Horse racing fans no doubt hoped that a new day would bring better results. But in the first race Saturday, the Juvenile Turf, a one mile race with a $1 million purse, 2-year old Rough Sailing had worse than that. His back end slipped out from under him in the clubhouse turn and the horse went down hard, spilling jockey Rosie Napravnik. Napravnik bounced up off the turf and was fine, but it was later determined that Rough Sailing had fractured his shoulder. The horse had to be euthanized.

That tragedy was followed by the $2 million Sprint, a 6 furlong dash won by Big Drama, who led from the opening of the gate right through to the wire. But aboard Atta Boy Roy, jockey Borel eased up immediately after crossing the line. Borel quickly dismounted and signaled for help. A splint was placed on the horse’s right front leg and he was loaded aboard the equine ambulance to be taken back to the barn for x-rays. When the preliminary report was that the horse was uninjured, the ABC television announcers candidly acknowledged that “we really needed to hear that good news.” That first report was later amended to Atta Boy Roy having sustained some ligament damage; but at least the horse was in no danger.

The two days of racing were not wholly devoid of inspiration. Certainly ABC and ESPN did their best in the intervals between races, presenting a series of feel-good vignettes on everything from the making of the recently released feature film about Secretariat to the unexpected career blossoming of little-known trainer Carl O’Callaghan.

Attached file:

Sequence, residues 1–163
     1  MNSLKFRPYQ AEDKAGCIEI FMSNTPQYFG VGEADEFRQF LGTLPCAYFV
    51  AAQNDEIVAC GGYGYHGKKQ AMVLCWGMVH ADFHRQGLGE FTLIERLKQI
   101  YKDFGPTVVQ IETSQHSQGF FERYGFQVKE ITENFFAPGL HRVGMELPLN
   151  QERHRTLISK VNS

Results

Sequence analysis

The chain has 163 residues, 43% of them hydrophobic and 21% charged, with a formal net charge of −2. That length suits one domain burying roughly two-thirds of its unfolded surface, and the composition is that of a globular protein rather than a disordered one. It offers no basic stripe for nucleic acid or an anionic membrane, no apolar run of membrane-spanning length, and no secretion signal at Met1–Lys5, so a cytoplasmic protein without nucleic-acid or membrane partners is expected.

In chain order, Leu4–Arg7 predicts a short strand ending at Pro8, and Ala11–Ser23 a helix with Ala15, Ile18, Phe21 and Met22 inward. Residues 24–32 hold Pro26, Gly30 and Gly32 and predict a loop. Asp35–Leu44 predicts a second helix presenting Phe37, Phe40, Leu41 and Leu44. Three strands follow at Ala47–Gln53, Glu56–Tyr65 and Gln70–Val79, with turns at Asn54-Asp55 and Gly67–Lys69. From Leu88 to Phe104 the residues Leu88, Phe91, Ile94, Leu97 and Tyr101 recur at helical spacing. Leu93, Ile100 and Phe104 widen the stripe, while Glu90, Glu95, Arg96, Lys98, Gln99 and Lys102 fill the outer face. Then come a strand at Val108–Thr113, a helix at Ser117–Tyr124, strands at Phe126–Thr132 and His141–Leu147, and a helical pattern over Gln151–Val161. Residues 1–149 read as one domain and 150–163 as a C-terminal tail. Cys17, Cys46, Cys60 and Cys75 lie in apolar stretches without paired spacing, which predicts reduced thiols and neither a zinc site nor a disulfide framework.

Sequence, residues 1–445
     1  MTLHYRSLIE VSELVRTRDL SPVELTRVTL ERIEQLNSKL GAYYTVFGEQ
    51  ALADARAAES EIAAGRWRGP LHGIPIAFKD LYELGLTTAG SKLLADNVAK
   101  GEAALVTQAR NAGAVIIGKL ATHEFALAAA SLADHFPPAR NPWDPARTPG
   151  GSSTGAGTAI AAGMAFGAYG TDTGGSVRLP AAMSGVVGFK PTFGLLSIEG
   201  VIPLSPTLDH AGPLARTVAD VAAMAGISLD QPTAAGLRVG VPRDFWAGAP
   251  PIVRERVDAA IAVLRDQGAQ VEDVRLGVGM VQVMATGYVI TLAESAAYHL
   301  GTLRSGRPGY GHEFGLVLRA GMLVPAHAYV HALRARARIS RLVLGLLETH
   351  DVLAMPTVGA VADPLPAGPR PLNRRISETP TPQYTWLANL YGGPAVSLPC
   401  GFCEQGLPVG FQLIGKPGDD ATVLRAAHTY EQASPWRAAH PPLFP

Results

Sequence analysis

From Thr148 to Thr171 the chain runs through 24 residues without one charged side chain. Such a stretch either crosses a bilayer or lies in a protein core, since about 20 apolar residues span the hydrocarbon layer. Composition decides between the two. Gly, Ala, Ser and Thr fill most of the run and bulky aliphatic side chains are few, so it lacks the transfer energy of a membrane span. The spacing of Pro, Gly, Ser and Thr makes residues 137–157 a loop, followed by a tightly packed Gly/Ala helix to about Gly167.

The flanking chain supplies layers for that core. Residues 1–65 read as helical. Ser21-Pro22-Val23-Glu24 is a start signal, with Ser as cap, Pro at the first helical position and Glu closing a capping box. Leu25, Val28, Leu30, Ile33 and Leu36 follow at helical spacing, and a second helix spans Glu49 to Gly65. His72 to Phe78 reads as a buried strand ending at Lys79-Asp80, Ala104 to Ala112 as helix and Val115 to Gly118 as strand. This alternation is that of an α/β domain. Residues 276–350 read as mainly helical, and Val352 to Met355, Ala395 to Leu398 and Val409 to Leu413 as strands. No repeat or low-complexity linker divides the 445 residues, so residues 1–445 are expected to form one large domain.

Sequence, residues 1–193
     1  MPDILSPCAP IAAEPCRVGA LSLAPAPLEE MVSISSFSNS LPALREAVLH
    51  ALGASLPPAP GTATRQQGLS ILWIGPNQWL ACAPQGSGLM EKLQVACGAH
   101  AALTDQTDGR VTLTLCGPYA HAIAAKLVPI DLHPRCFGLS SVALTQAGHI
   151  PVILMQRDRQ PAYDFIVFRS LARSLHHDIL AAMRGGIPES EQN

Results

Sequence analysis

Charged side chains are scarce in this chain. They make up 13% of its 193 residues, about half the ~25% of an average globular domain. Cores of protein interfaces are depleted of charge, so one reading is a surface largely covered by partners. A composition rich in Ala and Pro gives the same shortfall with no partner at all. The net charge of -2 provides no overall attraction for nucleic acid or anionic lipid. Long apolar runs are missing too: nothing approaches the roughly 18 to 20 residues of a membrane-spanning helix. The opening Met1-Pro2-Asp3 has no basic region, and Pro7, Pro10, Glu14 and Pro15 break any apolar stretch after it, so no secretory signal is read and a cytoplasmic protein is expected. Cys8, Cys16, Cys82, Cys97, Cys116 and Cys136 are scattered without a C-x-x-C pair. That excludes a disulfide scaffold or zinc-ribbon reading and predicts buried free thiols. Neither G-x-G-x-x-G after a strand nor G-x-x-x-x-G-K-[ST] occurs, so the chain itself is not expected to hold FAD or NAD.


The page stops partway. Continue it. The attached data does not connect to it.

The racing itself had its moments as well. With John Velazquez aboard, Uncle Mo won the 1 1/16 mile Juvenile easily, finishing his 2-year old campaign a perfect 3 for 3. There will be many twists and turns through winter and early spring before Churchill Downs is again the center of attention next May. The chances of injury or disappointment are great. But at least for now, horse racing has an early favorite for next year’s Derby in the body of the Todd Pletcher trained colt.

And there was at least one pure moment of unadulterated joy under the Kentucky sun. In the Turf Mile, Goldikova was attempting to become the first three-time repeat winner in Breeders’ Cup history. Bred in Ireland, Goldikova is owned by a pair of billionaire French brothers and trained by French trainer and former jockey Freddy Head. In the early days of the Championships Head was the first jockey to win multiple races.

As the horses turned for home on the inner turf course, the five year old Goldikova seemed too far back. But she accelerated at the top of the stretch with a tremendous burst of speed, storming down the track and into history. After the race, television showed video of Goldikova’s groom, who was waiting on the outer dirt track with all of the field’s handlers. Unable to contain himself as the horses made their final charge, he could be seen running madly alone down the dirt stretch, leaping and shouting as his mare ran to victory.